Another advantage is that each circle is free to form sub-circles as desired if a project or a sub-division of an effort can be given more attention. In that way, the whole effort can grow wherever there is attention and need, like a plant that can grow more and finer roots when it is in an area rich in nutrients. Since it is easy to “grow” child circles (and to fold them when their work is done), this system is highly responsive, adaptive and dynamic — at any moment in time, the structure can support the focus and operations as they are needed in that moment.
The members of these circles can be individuals, organizations or representatives of organizations. In the case of representatives of organizations, it has to be clear that there is no authority from the collective impact organization into the member organization. In a system of consent (see below), however, this is not as much a problem as it would be in majority rule, as explained below.
Topical circles — geographical circles
In the above (topical) structure, one dimension is not captured: geographical circles. Some of the efforts might find synergy on a local level — SDG 1 might click well on a town level and still need independent focus on a regional level. Therefore, creating an additional structure for geographical groups adds an extra layer of connection and cross-pollination. Also, strengthening local and regional communities is both a condition and a welcome side effect of this structure.
The structure is built according to the exact same design principles: two people or groups (represented by a person) connecting a parent and a child circle, and attention growing where it’s need and supported. For example, if the collective impact organization has a lot of support in a town A but not (yet) in town B, then the circles might be covering smaller areas for A and broader areas for B. We grow where we have attention which gives us a realistic structure, not one built on wishful thinking.
With two layers of structure like this, one big advantage is that each individual and each member organization can find its sweet spot — an organization with a wide focus might plug in on a multi-regional level while an individual with a strong commitment to — an expertise in — their own town might plug in on a very specific level. In the same way, if someone’s focus is on one particular SDG and only for one bioregion, each of these desires can be met.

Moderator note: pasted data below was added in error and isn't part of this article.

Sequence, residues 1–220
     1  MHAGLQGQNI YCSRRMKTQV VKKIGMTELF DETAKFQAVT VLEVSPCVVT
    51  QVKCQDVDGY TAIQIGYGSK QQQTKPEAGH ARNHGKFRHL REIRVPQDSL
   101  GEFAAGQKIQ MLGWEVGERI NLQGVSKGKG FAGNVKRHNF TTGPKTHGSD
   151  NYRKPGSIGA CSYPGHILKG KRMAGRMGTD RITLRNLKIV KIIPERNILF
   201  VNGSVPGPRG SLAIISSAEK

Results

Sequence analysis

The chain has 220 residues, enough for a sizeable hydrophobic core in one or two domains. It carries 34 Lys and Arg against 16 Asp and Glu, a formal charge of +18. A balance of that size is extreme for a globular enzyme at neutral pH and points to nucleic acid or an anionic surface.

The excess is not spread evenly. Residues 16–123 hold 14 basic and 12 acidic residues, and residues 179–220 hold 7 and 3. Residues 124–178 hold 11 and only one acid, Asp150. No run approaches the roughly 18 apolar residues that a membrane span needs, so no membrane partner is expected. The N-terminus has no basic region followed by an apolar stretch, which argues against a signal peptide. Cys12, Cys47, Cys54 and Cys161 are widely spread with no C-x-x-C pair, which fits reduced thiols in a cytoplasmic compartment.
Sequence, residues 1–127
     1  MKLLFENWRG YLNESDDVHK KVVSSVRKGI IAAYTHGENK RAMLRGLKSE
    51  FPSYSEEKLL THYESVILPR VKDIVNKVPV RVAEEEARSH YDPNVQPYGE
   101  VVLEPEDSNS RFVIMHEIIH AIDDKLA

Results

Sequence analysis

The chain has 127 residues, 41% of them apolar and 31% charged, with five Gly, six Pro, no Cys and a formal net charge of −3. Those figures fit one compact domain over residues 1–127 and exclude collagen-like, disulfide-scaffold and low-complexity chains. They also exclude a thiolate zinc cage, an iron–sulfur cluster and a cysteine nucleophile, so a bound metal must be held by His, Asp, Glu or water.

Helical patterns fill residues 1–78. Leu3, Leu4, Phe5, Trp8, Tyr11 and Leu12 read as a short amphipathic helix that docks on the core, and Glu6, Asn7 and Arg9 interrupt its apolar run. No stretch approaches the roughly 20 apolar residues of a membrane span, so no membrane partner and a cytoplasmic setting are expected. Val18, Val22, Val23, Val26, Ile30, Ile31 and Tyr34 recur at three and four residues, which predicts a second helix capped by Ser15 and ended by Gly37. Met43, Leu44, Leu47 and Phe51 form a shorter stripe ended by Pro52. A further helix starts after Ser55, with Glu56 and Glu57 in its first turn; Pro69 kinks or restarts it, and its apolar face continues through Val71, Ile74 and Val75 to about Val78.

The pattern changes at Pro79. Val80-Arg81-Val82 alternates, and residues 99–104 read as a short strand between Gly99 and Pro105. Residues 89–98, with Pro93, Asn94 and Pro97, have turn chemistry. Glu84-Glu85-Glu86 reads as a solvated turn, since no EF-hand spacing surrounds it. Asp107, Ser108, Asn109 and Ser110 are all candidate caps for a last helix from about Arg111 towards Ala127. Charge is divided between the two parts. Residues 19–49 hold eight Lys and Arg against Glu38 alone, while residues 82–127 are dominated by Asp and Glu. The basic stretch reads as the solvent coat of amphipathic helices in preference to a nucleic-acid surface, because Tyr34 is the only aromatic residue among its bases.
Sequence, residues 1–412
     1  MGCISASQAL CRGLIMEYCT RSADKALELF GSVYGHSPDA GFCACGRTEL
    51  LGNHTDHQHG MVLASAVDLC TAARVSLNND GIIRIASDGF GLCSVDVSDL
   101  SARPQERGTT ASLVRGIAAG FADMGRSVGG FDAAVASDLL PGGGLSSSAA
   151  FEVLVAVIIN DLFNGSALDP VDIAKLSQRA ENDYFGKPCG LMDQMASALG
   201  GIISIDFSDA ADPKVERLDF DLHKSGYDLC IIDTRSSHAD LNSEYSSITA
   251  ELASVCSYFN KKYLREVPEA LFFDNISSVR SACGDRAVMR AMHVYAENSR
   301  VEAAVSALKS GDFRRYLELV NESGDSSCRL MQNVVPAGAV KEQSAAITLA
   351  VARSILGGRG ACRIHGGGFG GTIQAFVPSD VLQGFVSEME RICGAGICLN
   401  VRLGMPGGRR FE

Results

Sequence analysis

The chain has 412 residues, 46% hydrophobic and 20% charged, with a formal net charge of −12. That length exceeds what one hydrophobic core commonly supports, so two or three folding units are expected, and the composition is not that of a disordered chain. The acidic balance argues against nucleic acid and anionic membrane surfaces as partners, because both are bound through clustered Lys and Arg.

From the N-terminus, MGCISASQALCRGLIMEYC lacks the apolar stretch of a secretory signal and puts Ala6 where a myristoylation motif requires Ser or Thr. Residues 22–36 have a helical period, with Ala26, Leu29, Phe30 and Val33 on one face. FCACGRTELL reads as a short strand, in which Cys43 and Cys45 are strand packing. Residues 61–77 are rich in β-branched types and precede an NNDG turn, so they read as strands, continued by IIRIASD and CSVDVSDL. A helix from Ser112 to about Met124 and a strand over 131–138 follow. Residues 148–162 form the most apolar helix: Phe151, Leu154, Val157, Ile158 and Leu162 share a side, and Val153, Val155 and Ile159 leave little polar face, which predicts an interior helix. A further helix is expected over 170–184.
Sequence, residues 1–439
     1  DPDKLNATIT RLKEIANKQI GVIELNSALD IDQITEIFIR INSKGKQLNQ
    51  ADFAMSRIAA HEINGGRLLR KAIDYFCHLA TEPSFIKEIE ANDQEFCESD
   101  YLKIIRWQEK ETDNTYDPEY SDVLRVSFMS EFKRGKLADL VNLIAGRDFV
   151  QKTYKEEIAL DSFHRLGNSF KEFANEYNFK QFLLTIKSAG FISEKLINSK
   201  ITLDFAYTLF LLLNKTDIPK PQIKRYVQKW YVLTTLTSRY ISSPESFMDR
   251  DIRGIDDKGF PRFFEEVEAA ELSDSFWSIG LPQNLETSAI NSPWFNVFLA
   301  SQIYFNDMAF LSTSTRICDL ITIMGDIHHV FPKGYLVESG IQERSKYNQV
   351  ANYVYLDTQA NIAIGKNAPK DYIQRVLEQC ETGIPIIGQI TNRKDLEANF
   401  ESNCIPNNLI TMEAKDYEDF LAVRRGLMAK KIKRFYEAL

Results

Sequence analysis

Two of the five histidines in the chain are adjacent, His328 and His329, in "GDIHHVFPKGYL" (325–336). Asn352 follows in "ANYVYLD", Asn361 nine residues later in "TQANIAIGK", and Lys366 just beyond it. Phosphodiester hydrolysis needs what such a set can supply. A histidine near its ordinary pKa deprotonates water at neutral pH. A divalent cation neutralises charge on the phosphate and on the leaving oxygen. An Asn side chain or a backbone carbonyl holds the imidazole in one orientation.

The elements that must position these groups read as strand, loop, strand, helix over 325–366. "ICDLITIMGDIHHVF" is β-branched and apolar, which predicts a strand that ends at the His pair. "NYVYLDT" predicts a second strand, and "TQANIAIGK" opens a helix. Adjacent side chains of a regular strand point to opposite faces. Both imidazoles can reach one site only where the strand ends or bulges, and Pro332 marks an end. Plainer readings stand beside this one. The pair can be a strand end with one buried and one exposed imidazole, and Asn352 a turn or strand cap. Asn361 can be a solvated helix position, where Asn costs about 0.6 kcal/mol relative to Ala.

How to connect the two layers
There are different ways of connecting these two organizational arrangements. One is to keep them fairly separate structurally but have people, like honeybees, go from one to the other. It might also be required for every member to be a member of both layers.
Another way is to create formal connections. In the standard set of circles, a sociocratic organization will have an advisory board with representatives of stakeholder groups. Now delegates from the geographical layer could be a member of the advisory board of the topical circles — or reverse. That way, the geographical layer could be represented as a stakeholder in the topical structure. (Examples of stakeholder representation on the advisory board level — called Mission Circle there— are shown in the book Many Voices One Song. Shared Power with Sociocracy.)
The best idea is probably to blend many approaches to enhance the connection between both structures.
Success for collective impact
Each structure has to be periodically (constantly or regularly) evaluated, adjusted and optimized for providing the most opportunity for mutually enforcing activities and for continuous communication. As designed here, this can happen very easily within one of the layers and needs special attention to be ensured between the layers.
The ‘consistent way of measuring and collecting data’ are best defined on a broad circle level in the topical structure. It will ‘trickle down’ as a recommendation for each circle working on gathering data.
The General Circle of the topical structure together with its advisory board will serve as the backbone organization. There needs to be enough funding to support attention and accountability among the people filling those roles.
Unless there is a clear funding stream, finding funding will be an ongoing struggle on all levels of this organization. The collective impact organization will depend on funding from a diverse set of funding streams.
Different funding requirements might determine who can apply for funding. There are funding sources for cross-national, national, regional or town levels. In the same way, funding might be for a broad topic or for very specific efforts. That means that each and every circle can contribute in supporting the funding effort as a whole, optimizing the level of resources in the effort as a whole. There is also the issue of convening conversations and conference seeking to reimagine funding itself (philanthropy, government, etc.) so that decision-makers in the funding world understand the nature and value of such cross-boundary networked collaborations and thus prioritize them. See
Structurally, it makes sense to select a ‘funding officer’ on every circle, like every cell has mitochondria as their own power plant. If more attention is needed than one person can provide, the role can be turned into a circle, depending on each circle’s level of commitment and opportunities.
Each collective impact organization can also benefit from Participatory Budgeting so that resources can be allocated intentionally instead of just following power structures.